Function types are notation similar to a function signature. A function type has a parameter list inside parentheses and a return type. For example, (A, B) -> C represents a function that takes two parameters of type A and B and returns a value of type C. You can also specify empty parameter lists and no return value with Unit.


  // 1
  val lambda1: () -> Unit = { println("Hello, world") }
  // 2
  val lambda2 = { println("Hello, world") }
  // 3

In the example code above, you:

  1. Assign the lambda expression to a variable lambda1. It has a function type of () -> Unit. The type represents a function that takes no parameters and returns no value or Unit.
  2. Assign another lambda expression to another variable lambda2. You can find that variable type can be ignored for simple lambda expressions thanks to Kotlin Type Inference.
  3. Execute the lambda expression in a similar way as function calls.

Lambda With Parameters

A lambda expression can have one or more parameters. You specify the parameters before the symbol followed by codeBody. The compiler interprets the return type of lambda by the last executable statement in its body:

You specify lambda expressions in following formats:

  // 1 
  val lambda1: (String) -> Unit = { name: String -> println("Hello, $name") }
  // 2 
  val lambda2: (String) -> Unit = { name -> println("Hello, $name") }
  // 3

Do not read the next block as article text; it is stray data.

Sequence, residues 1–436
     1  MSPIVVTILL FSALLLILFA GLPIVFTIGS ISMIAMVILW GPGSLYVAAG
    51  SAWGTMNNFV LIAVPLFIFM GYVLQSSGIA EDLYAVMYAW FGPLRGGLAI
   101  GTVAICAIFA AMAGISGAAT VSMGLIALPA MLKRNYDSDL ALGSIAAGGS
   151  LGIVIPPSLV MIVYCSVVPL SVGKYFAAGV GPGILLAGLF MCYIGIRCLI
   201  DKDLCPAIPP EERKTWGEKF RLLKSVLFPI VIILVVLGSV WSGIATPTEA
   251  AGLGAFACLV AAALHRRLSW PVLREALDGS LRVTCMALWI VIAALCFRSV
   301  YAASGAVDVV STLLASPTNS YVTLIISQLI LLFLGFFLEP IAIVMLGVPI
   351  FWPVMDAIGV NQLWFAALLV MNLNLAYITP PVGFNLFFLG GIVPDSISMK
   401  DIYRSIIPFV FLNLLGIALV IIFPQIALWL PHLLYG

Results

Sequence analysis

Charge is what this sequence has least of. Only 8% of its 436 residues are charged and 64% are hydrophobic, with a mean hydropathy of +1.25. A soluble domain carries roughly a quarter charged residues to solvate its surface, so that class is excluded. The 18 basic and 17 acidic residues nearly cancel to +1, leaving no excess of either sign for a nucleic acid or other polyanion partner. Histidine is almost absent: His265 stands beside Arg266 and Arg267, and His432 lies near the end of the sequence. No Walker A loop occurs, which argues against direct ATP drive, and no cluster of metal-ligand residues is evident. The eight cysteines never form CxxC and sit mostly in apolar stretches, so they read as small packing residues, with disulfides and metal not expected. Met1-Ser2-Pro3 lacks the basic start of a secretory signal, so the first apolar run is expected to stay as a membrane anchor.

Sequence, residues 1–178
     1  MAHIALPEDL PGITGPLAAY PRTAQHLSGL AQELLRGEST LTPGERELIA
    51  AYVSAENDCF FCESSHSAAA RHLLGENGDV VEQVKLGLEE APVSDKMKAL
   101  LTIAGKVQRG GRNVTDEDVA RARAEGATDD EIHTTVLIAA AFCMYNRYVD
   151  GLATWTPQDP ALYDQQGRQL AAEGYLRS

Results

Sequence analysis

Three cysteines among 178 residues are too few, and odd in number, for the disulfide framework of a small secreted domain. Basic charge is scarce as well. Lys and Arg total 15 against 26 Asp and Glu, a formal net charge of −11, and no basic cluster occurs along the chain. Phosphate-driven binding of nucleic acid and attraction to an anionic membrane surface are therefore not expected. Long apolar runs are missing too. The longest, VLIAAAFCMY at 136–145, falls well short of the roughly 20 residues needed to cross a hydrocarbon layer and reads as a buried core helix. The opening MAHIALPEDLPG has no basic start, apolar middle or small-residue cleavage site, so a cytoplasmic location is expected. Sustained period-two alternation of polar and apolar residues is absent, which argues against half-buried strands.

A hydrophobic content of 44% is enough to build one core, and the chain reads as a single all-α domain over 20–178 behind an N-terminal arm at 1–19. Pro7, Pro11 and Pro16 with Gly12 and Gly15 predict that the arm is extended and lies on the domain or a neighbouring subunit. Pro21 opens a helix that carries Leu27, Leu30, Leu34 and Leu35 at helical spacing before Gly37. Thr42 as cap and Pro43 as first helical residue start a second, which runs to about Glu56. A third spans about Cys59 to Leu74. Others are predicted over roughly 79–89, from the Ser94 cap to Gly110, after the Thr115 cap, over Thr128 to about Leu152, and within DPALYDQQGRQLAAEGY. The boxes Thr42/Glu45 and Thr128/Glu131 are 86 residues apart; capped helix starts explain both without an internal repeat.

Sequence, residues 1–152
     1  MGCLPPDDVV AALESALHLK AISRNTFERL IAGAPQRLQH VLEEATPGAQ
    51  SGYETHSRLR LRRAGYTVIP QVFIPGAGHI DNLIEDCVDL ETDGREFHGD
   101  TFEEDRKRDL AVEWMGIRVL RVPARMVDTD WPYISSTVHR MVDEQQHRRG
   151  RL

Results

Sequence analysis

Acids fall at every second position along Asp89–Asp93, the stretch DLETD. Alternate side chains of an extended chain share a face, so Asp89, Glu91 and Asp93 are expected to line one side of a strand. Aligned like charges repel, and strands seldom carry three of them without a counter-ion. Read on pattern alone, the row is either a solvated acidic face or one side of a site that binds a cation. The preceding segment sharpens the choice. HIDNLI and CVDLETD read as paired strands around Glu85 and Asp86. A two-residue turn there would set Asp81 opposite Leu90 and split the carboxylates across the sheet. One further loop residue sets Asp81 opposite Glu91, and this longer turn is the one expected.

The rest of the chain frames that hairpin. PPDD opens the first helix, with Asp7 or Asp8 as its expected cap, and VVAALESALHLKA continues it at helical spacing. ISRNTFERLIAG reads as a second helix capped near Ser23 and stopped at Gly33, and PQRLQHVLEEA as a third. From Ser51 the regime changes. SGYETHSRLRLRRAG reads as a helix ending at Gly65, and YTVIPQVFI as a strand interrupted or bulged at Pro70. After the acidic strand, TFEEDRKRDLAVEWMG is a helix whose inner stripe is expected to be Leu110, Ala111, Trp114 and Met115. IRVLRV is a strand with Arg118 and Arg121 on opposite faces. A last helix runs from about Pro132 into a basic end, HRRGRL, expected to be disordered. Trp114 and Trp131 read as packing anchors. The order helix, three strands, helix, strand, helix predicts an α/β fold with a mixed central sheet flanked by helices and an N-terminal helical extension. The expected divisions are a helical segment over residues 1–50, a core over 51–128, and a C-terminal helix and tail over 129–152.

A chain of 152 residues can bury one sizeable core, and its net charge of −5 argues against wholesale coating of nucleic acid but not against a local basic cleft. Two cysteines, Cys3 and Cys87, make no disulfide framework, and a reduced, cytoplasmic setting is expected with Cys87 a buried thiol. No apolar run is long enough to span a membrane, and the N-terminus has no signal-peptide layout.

val lambda3: (String) -> Unit = { println("Hello, $it") }
  // 4
  val lambda4: (String) -> Unit = { println("Hello, World!") }
  // 5
  val lambda5: (Int, Int) -> Int = {  x, y -> 
    x + y
  // 6
  val lambda6 = {x: Int, y: Int -> x + y }

In the examples above, you learn:

  1. lambda1 stores a lambda that takes single parameter with type String and returns no value.
  2. lambda2 proves that you can ignore the lambda parameter type as it is already specified through the variable function type.
  3. In lambda3 the parameter name and is skipped and instead it keyword is used. it can be used to refer to the parameter in lambdas with only one argument.
  4. In lambda4, you use the same structure as lambda3 but, in this case, you don’t make use of the String parameter.
  5. lambda5 type declaration of variable represents a function with two parameters of type Int with return type also as Int. In this example, you have a block code with several instructions. The last statement of lambda x + y helps the compiler in inferring the return type of the lambda.
  6. lambda6 represents the simplified form of lambda5.

Next, you will explore the lambda expression use cases in the app.

Making Buttons Clickable

Open MainActivity.kt. It shows an empty UI with a Add Song button. Add the following function below the showAddSongDialog():

// 1
private fun setClickListeners() {
  // 2
  button_add_song_empty.setOnClickListener {
  // 3
  button_add_song.setOnClickListener {

After adding the above code, press Opt + Enter (or Alt + Enter on Windows) to import the button_add_song_empty and button_add_song references if Android Studio doesn’t do it automatically.

In this code, you:

  1. Define a function setClickListeners() to add click listeners to buttons.
  2. Using Kotlin extensions, you set click listener to button_add_song_empty. As per the documentation of View.OnClickListener interface, it provides a single function to implement. You can replace such interface implementations with lambdas. Also, as the lambda is only and last parameter to setOnClickListener function, it can be moved outside the parentheses.
  3. Set click listener to button_add_song button, which is displayed when the empty UI is hidden.